The overdose drug crisis has claimed many lives across the province, and North Shore is no exception. Vancouver Coastal Health recorded four overdose deaths in 2012 in North Shore but that number grew to 20 in 2017.
It’s the illegally manufactured fentanyl that is driving this overdose emergency, according to Dr Mark Lysyshyn and Tanis Evans, who gave a presentation to the District of North Vancouver council on the subject.
Dr Lysyshyn said illegal drug overdose deaths had taken over homicide, suicide, motor vehicle accident and natural deaths as the leading cause of death in the province. He said men are overrepresented in the overdose deaths by a ratio of four to one, although the ratio evens out in the aboriginal population. The victims, he said, were also younger adults with many of them in their 20s and 30s.
The data from the North Shore may not paint the most accurate picture of the crisis because of its close proximity to Vancouver, which had the highest rates of drug overdose deaths in the province, followed by Surrey and Victoria. “Vancouver has the highest mortality but these areas are connected, so it’s possible that people are developing substance issues in the North Shore, but they may go to Vancouver and die there,” Dr Lysyshyn said.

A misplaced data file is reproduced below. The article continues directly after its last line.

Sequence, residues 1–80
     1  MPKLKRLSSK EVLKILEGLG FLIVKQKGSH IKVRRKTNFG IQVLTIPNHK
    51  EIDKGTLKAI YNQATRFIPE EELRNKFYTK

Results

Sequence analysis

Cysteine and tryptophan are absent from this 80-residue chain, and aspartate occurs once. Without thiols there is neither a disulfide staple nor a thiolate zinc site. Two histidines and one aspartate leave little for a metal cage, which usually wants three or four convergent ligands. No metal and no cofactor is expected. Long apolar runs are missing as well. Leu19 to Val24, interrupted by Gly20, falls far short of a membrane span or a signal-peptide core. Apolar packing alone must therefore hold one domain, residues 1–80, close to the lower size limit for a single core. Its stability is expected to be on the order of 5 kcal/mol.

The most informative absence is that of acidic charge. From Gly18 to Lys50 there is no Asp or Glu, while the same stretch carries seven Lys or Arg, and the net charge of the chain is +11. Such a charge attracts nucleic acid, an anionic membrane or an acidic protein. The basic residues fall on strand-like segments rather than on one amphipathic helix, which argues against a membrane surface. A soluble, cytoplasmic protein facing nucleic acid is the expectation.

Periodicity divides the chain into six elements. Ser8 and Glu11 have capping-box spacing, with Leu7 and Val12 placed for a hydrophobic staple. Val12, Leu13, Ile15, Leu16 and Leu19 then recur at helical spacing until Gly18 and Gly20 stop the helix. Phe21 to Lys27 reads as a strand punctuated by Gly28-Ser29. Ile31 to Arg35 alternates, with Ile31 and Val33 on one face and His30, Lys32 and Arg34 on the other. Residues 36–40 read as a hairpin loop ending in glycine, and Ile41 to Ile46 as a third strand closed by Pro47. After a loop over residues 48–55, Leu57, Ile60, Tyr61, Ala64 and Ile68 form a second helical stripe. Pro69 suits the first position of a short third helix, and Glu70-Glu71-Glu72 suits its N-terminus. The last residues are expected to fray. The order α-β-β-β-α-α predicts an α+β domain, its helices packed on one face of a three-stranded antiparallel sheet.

Evans said Vancouver Coastal Health was expanding its Opioid Agonist Therapy program that makes available Naloxone at key sites in the North Shore. VCH, she said, was also building a coastal substance abuse strategy with an aim to engage the community as well as the individuals and their families on the overdose crisis.
A latest report by BC Coroner Services looked into 872 drug overdose deaths. It found more than two-third of those deceased were using drugs alone. About one in every four deaths involved people, primarily males, working in trades or transport.